This story appears in the April 2015 issue of National Geographic magazine.
It didn’t amount to much at first.
Launched into orbit aboard the space shuttle Discovery on April 24, 1990, amid flurries of hope and hype, the Hubble Space Telescope promptly faltered. Rather than remaining locked on its celestial targets, it trembled and shook, quaking like a photophobic vampire whenever sunlight struck its solar panels. Opening its protective front door to let starlight in perturbed the telescope so badly that it fell into an electronic coma. Worst of all, Hubble turned out to be myopic. Its primary light-gathering mirror, eight feet in diameter and said to be the smoothest large object ever fashioned by humans, had been figured perfectly wrong.
Its design was already a compromise. The astronomers had wanted a bigger telescope in a higher orbit. They got a smaller one orbiting only 350 miles high, so that it could fit in the shuttle’s cargo bay and remain within reach for servicing by astronauts working in space. Some grumbled that science was being subordinated to flyboy flash.
Yet the shuttle proved to be the mission’s salvation. Had Hubble been lofted beyond the shuttle’s reach, it might have gone down in history as a billion-dollar blunder. Instead it was constructed so that its key components, from cameras and computers to gyroscopes and radio transmitters, remained accessible for replacement or repair. One astronaut took this requirement so seriously that he visited the Smithsonian’s National Air and Space Museum after-hours, put a ladder up to its Hubble replica, and practiced swapping out instruments to make sure everything fit. Everything did, and five nearly perfect shuttle service missions proved essential in transforming Hubble from a 12-ton dud into one of the world’s most productive and popular scientific machines.
Hubble literally expanded the frontiers of human knowledge. Using it to peer deep into space and back in cosmic time with unprecedented clarity, astronomers learned that galaxies formed from smaller patches of stuff in the early universe (“bottom-up,” in the terminology of researchers who’d wrestled with this issue for decades) and that massive galaxies typically harbor supermassive black holes at their centers. Hubble examinations of dim dwarf stars confirmed that normal matter cannot generate nearly enough gravity to hold galaxies together, which means that the “dark matter” responsible must be made of more exotic stuff. Hubble measurements of galaxy velocities yielded early clues to the existence of “dark energy,” the mysterious force currently speeding up the cosmic expansion rate.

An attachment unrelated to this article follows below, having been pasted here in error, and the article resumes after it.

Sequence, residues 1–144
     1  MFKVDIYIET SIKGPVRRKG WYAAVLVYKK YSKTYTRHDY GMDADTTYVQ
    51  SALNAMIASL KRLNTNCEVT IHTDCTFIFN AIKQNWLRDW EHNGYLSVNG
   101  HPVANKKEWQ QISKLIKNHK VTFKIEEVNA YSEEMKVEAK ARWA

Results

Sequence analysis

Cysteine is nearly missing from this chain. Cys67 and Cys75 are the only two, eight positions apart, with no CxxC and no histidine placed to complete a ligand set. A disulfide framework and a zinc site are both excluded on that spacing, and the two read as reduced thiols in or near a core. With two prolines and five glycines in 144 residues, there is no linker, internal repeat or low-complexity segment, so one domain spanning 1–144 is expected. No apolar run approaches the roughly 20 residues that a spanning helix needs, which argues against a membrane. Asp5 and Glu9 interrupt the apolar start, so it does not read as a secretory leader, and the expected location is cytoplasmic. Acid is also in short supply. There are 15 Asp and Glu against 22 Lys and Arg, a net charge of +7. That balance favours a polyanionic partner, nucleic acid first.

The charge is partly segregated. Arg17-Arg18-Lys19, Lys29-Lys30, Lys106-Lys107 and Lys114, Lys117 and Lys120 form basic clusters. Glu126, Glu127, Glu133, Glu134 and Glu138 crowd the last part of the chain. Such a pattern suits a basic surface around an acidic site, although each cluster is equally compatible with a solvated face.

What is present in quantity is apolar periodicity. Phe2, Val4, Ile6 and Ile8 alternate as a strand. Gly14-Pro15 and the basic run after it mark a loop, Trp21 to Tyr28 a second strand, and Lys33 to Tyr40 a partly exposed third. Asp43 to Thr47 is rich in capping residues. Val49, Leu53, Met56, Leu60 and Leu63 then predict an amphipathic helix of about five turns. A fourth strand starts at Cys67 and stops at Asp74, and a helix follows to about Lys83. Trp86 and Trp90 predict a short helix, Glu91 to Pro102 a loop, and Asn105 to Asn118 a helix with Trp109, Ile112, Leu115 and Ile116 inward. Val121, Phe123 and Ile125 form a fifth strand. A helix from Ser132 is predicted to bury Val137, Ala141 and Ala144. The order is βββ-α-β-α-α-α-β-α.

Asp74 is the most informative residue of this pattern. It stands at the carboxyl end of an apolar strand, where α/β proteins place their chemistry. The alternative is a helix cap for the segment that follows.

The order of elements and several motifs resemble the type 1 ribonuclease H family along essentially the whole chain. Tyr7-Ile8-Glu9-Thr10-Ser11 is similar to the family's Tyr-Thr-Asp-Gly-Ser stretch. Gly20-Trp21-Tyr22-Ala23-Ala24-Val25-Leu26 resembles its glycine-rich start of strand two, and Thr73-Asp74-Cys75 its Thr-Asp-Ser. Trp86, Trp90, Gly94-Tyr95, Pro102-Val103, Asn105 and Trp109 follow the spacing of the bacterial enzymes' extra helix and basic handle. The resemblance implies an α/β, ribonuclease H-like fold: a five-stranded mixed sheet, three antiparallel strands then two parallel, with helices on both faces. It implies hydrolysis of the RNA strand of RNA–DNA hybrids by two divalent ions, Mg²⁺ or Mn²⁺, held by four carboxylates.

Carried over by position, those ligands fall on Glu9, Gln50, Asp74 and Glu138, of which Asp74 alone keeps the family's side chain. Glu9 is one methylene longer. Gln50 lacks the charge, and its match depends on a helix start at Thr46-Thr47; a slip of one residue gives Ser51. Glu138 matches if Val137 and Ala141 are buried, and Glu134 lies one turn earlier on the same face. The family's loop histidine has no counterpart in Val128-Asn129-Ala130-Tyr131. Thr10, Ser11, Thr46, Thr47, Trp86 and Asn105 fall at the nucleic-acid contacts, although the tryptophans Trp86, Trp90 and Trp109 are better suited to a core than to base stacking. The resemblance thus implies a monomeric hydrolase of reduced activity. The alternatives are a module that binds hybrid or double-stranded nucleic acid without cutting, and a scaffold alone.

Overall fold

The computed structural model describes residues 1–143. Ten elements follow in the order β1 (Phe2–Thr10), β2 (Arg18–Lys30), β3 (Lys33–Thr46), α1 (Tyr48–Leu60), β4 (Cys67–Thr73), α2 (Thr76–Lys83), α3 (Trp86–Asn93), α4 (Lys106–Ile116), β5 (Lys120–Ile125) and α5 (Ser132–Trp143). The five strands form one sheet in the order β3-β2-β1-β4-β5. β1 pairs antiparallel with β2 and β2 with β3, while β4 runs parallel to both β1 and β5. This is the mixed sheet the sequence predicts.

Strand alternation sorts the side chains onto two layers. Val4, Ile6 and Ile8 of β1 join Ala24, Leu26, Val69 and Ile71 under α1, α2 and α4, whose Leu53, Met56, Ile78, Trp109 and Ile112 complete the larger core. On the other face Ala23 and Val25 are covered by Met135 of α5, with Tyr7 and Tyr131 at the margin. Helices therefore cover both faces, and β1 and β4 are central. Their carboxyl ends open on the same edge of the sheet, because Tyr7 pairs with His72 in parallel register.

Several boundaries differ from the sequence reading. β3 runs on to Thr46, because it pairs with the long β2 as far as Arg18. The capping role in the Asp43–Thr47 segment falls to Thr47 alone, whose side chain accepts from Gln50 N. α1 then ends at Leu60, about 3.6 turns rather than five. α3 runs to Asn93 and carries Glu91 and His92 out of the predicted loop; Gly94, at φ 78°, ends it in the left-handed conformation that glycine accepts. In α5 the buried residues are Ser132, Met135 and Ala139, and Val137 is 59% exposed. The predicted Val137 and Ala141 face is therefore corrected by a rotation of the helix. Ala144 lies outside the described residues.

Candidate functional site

Just recently, Hubble researchers have captured light from a newborn galaxy seen as it looked 13 billion years ago, taken the temperature of a hot planet orbiting a star 260 light-years from Earth, and discovered three icy objects in the outer solar system that might provide an even farther-out destination for NASA’s New Horizons probe after it flies past Pluto in July.
The space telescope’s global popularity surely arises, though, not only from its scientific attainments but also from the memorable images it has produced of glittering galaxies, softly glowing nebulae, and the wreckage of shattered stars. While Hubble was being built and launched, such photos were routinely disparaged in NASA circles as mere public relations fodder, called “pretties.” But a quarter century later the cosmic scenes assembled by Zoltan Levay and his colleagues at the Space Telescope Science Institute have, in the words of NASA historian Steven J. Dick, “enhanced the very idea of what we call ‘culture.’ ” That human beings find them to be as beautiful and evocative as photos of earthly sunsets and mountain peaks affirms anew that nature is all of a piece, and that we’re part of it.
Timothy Ferris frequently reports from the universe for the magazine. His last story, on dark matter and dark energy, appeared in the January 2015 issue.